The Joint FAO/WHO Meeting on Pesticide Residues (JMPR) is an international expert scientific group that is administered jointly by the Food and Agriculture Organization of the United Nations (FAO) and the World Health Organization (WHO). The JMPR is made up of the FAO Panel of Experts on Pesticide Residues in Food and the Environment and the WHO Core Assessment Group. The FAO Panel of Experts is responsible for reviewing residue and analytical aspects of the pesticides under consideration, including data on their metabolism, fate in the environment and use patterns, and for estimating the Maximum Residue Levels (MRLs) that might occur as a result of the use of the pesticides according to good agricultural practices. The WHO Core Assessment Group is responsible for reviewing toxicological and related data and for estimating, where possible, acceptable daily intakes (ADIs) for humans of the pesticides under consideration.
Toxicological monographs are published after the meetings by WHO. These summarize the data used in the Meeting's evaluations and provide full references to the relevant literature. Most of the monographs that have been published are available on: http://www.inchem.org/pages/jmpr.html
Residues monographs, which contain information on pesticide use patterns, data on the chemistry and composition of pesticides, methods of analysis for pesticide residues and information on pesticide MRLs,are available on: http://www.fao.org/ag/AGP/AGPP/Pesticid/JMPR/Download/pes_alp.htm
c) International Agency for Research on Cancer
The International Agency for Research on Cancer (IARC) is part of the World Health Organization. IARC coordinates and conducts research on the causes of human cancer and the mechanisms of carcinogenesis, and develops scientific strategies for cancer control. The IARC Monographs identify environmental factors that can increase the risk of human cancer. These include chemicals, complex mixtures, occupational exposures, physical and biological agents, and lifestyle factors. National health agencies use this information as scientific support for their actions to prevent exposure to potential carcinogens. Interdisciplinary working groups of expert scientists review the published studies and evaluate the weight of evidence that an agent can increase the risk of cancer. The principles, procedures and scientific criteria which guide the evaluations are described in the "Preamble" to the IARC Monographs. Since 1971, more than 900 agents have been evaluated, of which approximately 400 have been identified as carcinogenic or potentially carcinogenic to humans. Information on the available monographs may be found at: http://monographs.iarc.fr/
d) OECD Screening Information Data Sets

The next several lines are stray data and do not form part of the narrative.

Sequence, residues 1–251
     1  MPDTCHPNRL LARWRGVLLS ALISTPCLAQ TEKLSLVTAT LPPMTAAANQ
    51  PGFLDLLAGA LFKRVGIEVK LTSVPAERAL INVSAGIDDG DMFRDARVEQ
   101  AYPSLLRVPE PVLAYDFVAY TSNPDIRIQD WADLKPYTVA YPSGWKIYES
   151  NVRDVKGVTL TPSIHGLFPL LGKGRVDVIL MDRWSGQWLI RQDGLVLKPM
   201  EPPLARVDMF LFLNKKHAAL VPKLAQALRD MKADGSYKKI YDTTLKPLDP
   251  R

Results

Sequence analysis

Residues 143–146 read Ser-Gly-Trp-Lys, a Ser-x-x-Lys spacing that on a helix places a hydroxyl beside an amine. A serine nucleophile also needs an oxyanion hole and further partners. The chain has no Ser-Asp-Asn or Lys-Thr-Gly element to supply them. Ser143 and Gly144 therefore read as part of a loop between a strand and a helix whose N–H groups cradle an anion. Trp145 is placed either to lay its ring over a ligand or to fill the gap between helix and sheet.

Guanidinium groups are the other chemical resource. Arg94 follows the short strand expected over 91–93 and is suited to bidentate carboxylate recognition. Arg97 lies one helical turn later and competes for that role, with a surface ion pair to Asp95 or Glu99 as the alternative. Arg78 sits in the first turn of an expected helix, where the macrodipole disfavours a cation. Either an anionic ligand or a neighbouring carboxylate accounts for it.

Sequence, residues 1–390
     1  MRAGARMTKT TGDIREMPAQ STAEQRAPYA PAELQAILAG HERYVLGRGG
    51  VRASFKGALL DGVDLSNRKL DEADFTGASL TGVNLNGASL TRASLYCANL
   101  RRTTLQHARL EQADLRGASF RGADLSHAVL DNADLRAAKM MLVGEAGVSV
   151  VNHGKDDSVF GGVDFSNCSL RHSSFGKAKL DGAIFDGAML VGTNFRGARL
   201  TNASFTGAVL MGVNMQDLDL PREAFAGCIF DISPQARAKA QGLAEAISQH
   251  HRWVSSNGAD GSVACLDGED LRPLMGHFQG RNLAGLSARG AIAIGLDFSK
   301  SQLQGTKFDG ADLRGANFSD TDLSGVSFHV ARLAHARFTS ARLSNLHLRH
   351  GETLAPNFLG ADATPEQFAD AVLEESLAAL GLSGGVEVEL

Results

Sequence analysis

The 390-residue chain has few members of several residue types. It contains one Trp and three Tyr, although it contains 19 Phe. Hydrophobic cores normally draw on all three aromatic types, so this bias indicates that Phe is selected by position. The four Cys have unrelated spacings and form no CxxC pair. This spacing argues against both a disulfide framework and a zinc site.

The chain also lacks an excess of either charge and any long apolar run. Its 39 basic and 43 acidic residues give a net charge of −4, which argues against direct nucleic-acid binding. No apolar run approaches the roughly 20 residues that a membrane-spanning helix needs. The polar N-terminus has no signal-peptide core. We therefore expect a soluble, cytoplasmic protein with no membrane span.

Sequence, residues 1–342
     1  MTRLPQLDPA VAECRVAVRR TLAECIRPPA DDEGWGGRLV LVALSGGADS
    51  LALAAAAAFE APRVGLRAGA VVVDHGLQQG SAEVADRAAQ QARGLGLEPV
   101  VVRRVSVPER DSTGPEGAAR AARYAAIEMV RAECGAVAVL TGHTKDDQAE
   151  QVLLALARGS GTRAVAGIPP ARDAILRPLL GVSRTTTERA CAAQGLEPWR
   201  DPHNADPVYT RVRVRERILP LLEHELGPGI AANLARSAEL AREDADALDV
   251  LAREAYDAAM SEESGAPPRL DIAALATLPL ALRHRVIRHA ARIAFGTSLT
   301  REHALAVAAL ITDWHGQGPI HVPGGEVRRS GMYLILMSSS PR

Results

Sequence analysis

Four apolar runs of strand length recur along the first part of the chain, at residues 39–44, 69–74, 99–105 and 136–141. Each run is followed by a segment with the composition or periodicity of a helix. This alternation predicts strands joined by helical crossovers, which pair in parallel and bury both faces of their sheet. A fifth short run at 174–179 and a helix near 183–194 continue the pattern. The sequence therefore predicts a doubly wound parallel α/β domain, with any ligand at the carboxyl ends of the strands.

The "Screening Information Data Set" (SIDS) programme, operated under the auspices of the Organization for Economic Cooperation and Development (OECD), is a voluntary cooperative international testing programme that began in 1989. The SIDS programme focuses on developing base level test information on approximately 600 poorly characterized international High Production Volume (HPV) chemicals. The SIDS data are used to "screen" the chemicals and set priorities for further testing or risk assessment/management activities.
The OECD/SIDS test data set includes:
results of environmental fate testing
results of environmental effects testing
results of health effects testing
Copies of the SIDS for individual chemicals, organized in alphabetical order, may be found at the following URL: http://www.inchem.org/pages/sids.html
e) Safety Data Sheets (SDS) on individual chemicals
Article 13 of the Rotterdam Convention requires exporting Parties, when exporting chemicals listed in Annex III and chemicals banned or severely restricted in its territory that are to be used for occupational purposes, to provide each importer with a safety data sheet according to an internationally recognized format including all currently available information.
Safety data sheets contain information such as: Chemical and Physical Properties, Health Hazards, First Aid Recommendations, Personal Protection, Fire and Reactivity Data, Spill and Disposal Procedures, Storage and Handling. They are designed to provide both workers and emergency personnel with the proper procedures for handling or working with a particular substance.
Safety Data Sheets are one of the key tools in hazard communication. A good Safety Data Sheet provides the user with the information needed to carry out a suitable risk assessment for specific applications. A chemical safety data sheet provides the following basic information about the chemical: Is either this sentence or the following sentence redundant?
Safety data sheets are published under several names, including:
international chemical safety card (ICSC)
chemical safety card (http://www.cdc.gov/niosh/ipcsneng/neng0000.html)
material safety data sheet (MSDS) (http://www.ilpi.com/msds/#Internet) (http://siri.org/msds/)
product safety data sheet (http://data.energizer.com/Static.aspx?Name=ProductSafety) (http://www.e1.greatlakes.com/corp/safety_sheet_search)
health and safety data (http://ntp.niehs.nih.gov/index.cfm?objectid=03610FA5-C828-304B-FE31F1182E8F764C)
f) Other sources of information on individual chemicals
European Commission Chemicals Bureau
The following link brings you to an EXCEL sheet where there is an overview of the status of existing active substances being reviewed and, where available, the outcome of that review; http://ec.europa.eu/food/plant/protection/evaluation/
List of substances that have been evaluated are at the following link:
Information on restrictions and bans for industrial chemicals is available at the following website:
The most comprehensive list of all existing restrictions up to the year 2004 can be found in the consolidated text of Directive 76/769/EEC at:
More recent restrictions (later than 2004) can be found by clicking on the following links:
Preparatory studies that contain risk evaluations or socio-economic analyses can be found at:
Risk assessments on industrial chemicals are available at the website of the European Chemicals Bureau (ECB) at: